“It’s typically nurses and licensed administrators who go to the conferences,” Linde observes. “But as I look at my leadership, I see so much talent, and yet they don’t get out of the community and network, partly because they don’t know all the opportunities that exist, and also because they don’t realize they can. As part of our leadership training, I really wanted to connect our team to LeadingAge so that they knew, first of all, the available resources and; secondly, the networking pathways open to them; and finally, that Covia supports them serving outside of our community.”
Linde arranged for her team to travel to LeadingAge California’s Sacramento offices. “When we got there, the LeadingAge staff didn’t just show up,” she says. “They had gift bags for all of us. They had an agenda. They had a folder with handouts for us. They were so excited.”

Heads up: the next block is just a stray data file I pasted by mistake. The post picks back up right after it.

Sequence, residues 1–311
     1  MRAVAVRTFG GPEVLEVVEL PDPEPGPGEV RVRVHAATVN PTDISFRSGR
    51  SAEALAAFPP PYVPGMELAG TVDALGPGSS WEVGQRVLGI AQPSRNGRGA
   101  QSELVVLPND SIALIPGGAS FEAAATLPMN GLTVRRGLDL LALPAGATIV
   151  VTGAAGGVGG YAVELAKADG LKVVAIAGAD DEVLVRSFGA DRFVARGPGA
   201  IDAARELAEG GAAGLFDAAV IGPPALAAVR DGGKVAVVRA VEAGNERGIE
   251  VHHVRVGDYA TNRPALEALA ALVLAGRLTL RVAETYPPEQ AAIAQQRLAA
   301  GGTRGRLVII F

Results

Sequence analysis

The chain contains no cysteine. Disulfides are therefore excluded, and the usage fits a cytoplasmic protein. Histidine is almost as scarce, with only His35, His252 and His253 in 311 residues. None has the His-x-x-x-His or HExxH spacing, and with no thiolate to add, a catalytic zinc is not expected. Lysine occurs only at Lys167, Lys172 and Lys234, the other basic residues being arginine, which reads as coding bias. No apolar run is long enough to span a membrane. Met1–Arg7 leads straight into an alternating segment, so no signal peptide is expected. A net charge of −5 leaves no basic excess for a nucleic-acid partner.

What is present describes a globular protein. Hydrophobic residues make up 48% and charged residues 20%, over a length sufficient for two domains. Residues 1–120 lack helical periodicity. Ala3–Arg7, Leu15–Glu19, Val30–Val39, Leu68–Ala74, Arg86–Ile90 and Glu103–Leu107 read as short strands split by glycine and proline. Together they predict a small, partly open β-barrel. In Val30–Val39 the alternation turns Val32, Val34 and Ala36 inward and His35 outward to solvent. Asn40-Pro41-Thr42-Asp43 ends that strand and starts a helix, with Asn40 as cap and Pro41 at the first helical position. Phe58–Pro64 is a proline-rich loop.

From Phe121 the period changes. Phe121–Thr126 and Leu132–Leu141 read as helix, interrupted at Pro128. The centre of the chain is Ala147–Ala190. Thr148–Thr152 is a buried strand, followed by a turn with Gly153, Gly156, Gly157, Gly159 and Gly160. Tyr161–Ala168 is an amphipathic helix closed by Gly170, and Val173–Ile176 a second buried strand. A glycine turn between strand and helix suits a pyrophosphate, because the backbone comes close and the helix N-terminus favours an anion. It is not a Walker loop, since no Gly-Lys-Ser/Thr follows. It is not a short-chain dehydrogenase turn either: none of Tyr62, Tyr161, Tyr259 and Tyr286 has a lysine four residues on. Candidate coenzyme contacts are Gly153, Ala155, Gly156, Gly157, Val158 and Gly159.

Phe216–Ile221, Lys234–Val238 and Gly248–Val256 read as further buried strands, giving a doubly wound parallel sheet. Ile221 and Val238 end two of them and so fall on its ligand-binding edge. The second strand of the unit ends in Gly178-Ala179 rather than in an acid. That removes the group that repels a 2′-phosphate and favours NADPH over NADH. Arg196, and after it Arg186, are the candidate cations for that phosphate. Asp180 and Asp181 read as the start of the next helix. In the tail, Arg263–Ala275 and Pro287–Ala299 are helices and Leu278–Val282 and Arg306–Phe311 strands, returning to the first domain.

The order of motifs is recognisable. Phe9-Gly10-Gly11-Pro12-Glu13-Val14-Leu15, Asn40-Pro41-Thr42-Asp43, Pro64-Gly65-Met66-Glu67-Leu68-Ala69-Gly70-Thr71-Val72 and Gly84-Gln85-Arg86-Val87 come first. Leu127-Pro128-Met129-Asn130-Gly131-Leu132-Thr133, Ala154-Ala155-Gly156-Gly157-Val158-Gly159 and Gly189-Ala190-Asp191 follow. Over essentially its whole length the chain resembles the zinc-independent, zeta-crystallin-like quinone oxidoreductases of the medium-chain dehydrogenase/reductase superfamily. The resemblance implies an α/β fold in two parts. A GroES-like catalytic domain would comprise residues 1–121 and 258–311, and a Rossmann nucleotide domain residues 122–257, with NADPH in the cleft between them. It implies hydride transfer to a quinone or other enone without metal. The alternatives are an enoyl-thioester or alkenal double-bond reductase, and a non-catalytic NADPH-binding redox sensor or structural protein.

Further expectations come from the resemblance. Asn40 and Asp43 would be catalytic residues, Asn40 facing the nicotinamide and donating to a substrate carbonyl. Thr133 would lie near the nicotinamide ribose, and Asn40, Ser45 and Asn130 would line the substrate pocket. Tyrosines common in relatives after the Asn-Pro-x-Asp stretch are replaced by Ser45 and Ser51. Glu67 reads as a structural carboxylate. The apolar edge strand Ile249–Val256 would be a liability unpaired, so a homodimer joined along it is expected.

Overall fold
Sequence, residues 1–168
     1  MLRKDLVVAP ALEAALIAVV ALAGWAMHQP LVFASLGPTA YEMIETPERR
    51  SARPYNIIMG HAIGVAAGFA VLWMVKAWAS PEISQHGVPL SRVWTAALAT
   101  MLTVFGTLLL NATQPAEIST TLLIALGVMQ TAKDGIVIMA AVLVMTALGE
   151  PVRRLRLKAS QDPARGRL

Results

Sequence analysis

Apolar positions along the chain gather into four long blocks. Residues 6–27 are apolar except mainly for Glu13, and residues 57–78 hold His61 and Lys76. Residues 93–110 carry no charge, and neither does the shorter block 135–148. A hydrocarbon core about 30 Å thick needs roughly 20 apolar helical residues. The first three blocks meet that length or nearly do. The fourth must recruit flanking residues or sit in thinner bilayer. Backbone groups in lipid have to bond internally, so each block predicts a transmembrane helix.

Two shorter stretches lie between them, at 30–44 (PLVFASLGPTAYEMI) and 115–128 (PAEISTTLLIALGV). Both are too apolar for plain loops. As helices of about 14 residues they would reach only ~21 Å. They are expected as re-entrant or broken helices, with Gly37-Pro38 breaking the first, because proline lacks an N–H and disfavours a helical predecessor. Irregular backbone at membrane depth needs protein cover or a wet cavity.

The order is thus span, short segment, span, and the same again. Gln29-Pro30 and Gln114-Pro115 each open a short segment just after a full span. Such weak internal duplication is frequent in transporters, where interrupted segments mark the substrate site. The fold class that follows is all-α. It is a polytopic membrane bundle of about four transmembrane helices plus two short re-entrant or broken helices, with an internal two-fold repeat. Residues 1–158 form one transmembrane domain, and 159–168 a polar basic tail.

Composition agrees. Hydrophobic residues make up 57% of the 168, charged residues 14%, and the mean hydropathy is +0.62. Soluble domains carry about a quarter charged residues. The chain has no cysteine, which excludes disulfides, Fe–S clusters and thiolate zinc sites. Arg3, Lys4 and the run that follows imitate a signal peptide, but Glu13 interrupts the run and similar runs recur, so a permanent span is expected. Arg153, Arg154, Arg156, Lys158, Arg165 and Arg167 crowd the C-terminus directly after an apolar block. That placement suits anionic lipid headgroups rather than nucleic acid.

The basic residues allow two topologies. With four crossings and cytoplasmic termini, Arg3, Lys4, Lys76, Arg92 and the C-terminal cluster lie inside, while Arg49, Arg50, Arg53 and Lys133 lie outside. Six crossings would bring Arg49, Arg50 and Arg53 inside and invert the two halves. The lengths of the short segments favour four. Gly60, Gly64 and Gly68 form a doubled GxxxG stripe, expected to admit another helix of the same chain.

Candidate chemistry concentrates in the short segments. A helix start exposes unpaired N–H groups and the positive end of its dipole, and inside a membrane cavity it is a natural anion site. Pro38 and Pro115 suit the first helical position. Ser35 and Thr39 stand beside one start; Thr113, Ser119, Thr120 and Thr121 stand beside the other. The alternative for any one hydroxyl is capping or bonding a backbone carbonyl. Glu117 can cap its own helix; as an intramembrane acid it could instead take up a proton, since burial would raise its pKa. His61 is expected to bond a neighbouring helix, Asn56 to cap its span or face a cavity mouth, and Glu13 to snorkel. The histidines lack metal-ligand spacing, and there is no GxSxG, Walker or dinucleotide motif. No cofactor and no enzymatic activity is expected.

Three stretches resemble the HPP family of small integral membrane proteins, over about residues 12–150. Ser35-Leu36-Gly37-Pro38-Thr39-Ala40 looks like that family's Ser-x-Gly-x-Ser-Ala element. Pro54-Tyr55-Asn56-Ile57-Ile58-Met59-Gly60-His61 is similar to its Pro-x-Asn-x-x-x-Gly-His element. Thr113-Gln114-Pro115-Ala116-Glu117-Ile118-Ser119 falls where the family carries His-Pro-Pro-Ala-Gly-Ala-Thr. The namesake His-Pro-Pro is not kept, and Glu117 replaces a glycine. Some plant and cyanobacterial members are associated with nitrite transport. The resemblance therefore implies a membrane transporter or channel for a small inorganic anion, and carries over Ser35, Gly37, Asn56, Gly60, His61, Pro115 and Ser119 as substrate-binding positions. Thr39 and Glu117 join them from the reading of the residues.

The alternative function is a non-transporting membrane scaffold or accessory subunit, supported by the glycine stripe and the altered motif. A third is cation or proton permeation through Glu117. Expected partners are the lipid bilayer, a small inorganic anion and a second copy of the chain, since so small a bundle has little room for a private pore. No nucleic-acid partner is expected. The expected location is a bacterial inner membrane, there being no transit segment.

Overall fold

LeadingAge California President and CEO Jeannee Parker Martin agrees. “Their morning visit gave us an opportunity to learn more about the needs of each team member from a provider perspective, and also an opportunity for them to learn more about the myriad policy, committee, educational and resource opportunities from LeadingAge California staff. It was exciting to have the full team take a day away to meet with us, and we look forward to engaging with them on committees and other activities ahead.”
Sheba Jenness, St. Paul’s Director of Human Resources, is one of the team with a deeper investment in the work of LeadingAge after offering to serve on a committee dedicated to HR issues. Jenness has worked in Aging Services for 10 years, but before going to the LeadingAge offices, she admits she knew practically nothing about the organization. “It was very abstract,” she says. “I knew it existed. I didn’t know how much they advocate on so many different levels. They’re really invested in trying to find different ways to make sure that California is serving older people in a caring, conscientious way.” As part of the HR Group, Jenness will be working with a team doing a wage comparison survey this summer.